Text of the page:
Department of Systems & Computational Biology

Seminars

RECRUITMENT SEMINAR 

  

"Free energy, optimal control, and optimal response in microscopic non-equilibrium systems 

  

David Sivak, Ph.D. 

Systems Biology Fellow, University of California, San Francisco    

 

Wednesday, January 29, 2014 

Price Auditorium 

10:30am    

  

Abstract:  Molecular machines are protein complexes that convert between different forms of energy, and they feature prominently in essentially any major cell biological process. A plausible hypothesis holds that evolution has sculpted these machines to efficiently transmit energy and information in their natural contexts, where energetic fluctuations are large and non-equilibrium driving forces are strong. Toward a systematic picture of efficient, stochastic, non-equilibrium energy and information transmission, I present theoretical developments in three distinct yet related areas of non-equilibrium statistical mechanics: How can we measure how far from equilibrium a driven system is? How do we find efficient methods to push a system rapidly from one state to another? And finally, what are generic properties of systems that efficiently harness the energy and information present in environmental fluctuations? For further details: http://davidsivak.com/  

  

RECRUITMENT SEMINAR 

 

 

"Cell type-specific genomics of Drosophila neurons 

  

Fred Davis, Ph.D. 

Postdoctoral Associate, HHMI Janelia Farm      

 

Wednesday, February 19, 2014


Price Auditorium

10:30am 

  

Abstract:  The diversity of gene expression across cell types is particularly striking in the myriad cell types of the nervous system. While most genomic methods are typically applied to whole tissues, new technologies have started to make these methods applicable to individual cell types, including neurons in the brain. I will begin by describing the first cell type-specific gene expression and histone modification profiles measured from distinct neuronal subpopulations in the Drosophila brain. In addition to recovering known gene expression differences, these profiles indicate significant cell type–specific chromatin modifications. In particular, a small subset of differentially expressed genes exhibits a striking anti-correlation between repressive (H3K27me3) and activating (H3K27ac) histone modifications. These genes are enriched for transcription factors, recovering known and predicting new regulators of neuronal identity. I illustrate the utility of this chromatin pattern by demonstrating that it can be used as a genome-wide screen in mammalian systems to significantly enrich for transcription factors that can convert adult cell identity. I will close by describing the utility of cell type-specific genomic profiling in the context of neural circuits, presenting expression profiles measured from the first neuropil of the Drosophila visual circuit. Our results suggest that cell type-specific profiling of neuronal populations can illuminate how these neurons develop and function in the adult brain.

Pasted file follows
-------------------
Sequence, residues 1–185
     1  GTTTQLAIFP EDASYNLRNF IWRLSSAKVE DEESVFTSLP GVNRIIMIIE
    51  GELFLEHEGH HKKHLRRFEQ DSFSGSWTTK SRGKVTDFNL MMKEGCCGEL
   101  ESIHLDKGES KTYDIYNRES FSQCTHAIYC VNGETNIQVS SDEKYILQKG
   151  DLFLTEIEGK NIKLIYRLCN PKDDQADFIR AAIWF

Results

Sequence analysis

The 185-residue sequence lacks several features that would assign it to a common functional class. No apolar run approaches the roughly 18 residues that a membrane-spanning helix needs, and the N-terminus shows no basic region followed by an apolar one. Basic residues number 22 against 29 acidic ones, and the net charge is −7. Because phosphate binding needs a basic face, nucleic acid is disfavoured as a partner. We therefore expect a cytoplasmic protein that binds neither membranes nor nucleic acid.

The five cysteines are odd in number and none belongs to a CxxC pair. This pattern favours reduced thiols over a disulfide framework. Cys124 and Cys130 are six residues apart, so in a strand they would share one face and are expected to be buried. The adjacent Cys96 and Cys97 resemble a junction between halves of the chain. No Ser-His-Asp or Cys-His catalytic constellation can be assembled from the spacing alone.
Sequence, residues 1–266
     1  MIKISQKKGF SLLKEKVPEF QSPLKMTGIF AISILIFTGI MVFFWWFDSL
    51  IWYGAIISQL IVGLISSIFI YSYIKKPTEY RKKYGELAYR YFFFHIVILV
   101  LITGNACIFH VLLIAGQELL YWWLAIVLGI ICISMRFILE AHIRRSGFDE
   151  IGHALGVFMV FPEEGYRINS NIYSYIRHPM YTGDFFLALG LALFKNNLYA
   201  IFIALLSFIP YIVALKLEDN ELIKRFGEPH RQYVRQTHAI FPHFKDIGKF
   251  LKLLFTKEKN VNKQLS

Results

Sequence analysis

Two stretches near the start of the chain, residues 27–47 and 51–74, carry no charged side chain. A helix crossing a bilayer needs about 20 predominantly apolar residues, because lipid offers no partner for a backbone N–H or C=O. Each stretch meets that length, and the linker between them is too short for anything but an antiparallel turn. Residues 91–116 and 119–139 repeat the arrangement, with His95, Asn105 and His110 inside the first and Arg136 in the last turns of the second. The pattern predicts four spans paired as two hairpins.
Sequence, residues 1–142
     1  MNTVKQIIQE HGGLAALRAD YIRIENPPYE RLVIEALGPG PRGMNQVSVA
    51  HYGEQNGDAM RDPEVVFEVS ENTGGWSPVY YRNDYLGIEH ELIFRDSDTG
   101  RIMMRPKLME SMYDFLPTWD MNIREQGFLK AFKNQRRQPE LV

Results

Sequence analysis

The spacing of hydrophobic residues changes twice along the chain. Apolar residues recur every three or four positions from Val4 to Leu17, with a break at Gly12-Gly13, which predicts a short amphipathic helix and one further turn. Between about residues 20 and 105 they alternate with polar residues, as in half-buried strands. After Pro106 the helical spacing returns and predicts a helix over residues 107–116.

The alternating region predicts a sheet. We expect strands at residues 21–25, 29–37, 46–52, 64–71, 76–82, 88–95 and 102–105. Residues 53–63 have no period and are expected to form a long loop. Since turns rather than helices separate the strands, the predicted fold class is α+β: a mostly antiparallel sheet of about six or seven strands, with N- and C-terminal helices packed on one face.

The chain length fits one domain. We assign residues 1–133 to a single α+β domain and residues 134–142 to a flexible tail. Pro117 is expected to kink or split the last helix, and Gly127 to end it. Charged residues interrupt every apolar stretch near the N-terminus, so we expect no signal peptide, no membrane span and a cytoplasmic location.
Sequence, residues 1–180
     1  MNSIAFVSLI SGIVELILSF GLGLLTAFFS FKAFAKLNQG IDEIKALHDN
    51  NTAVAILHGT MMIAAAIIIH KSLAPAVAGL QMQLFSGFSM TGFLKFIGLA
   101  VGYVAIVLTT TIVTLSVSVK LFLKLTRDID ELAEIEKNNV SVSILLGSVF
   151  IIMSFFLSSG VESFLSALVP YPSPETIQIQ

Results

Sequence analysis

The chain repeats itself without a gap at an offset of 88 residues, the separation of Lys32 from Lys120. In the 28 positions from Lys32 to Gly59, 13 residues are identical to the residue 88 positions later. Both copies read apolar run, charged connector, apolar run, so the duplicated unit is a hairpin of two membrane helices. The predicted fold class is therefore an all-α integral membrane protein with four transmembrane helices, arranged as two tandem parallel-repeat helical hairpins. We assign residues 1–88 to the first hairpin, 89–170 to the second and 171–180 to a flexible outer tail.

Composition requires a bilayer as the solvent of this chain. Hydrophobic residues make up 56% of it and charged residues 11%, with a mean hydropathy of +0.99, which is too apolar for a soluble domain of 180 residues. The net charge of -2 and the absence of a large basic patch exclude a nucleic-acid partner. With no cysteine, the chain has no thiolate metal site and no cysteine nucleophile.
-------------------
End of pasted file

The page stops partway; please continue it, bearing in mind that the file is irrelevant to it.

RECRUITMENT SEMINAR 

 

 

"Using regulatory genomics to decipher disease genetics and evolutionary dynamics 

  

Lucas Ward, Ph.D. 

Postdoctoral Associate, Computer Science and Artificial Intelligence Laboratory, MIT   

    

Wednesday, February 26, 2014 


Price Auditorium

10:30am 

 

  

Abstract:  Association and linkage studies provide genome-wide information about the genetic basis of complex disease, but medical research has focused primarily on protein-coding variants, owing to the difficulty of interpreting noncoding mutations. This picture has changed with advances in the systematic annotation of functional noncoding elements. Evolutionary conservation, functional genomics, chromatin state, sequence motifs and molecular quantitative trait loci all provide complementary information about the regulatory function of noncoding sequences. I will first discuss problems in deciphering the transcriptional regulatory code, and work I have done in model organisms to studying the interplay between chromatin, regulatory motifs, and evolutionary turnover. I will then discuss regulatory genomics modeling in in human using large compendia of epigenomic maps, which has allowed us to generate hypotheses about which variants on disease haplotypes are causal, to perform systems-level analyses which reveal regulatory pathways underlying complex phenotypes, and to detect lineage-specific purifying selection through aggregated patterns of human diversity. Finally, I will discuss how these models pave the way to interpret mutations found through clinical whole-genome sequencing and to perform rare-variant association studies, and how they will let us better understand our evolutionary history.  

 

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